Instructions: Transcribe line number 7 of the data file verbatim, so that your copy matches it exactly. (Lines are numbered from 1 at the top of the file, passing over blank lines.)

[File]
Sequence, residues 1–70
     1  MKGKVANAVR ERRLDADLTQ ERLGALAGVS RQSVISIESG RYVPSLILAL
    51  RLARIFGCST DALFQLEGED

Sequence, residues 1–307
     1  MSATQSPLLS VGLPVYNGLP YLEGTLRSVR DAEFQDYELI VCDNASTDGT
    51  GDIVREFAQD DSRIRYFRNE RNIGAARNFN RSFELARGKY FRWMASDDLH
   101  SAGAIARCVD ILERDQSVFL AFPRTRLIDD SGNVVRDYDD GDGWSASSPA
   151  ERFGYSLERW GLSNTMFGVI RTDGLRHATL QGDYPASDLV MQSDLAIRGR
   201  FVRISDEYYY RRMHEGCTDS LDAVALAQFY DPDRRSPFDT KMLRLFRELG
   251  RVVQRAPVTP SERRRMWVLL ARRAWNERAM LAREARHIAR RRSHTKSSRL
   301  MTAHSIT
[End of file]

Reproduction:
   101  SAGAIARCVD ILERDQSVFL AFPRTRLIDD SGNVVRDYDD GDGWSASSPA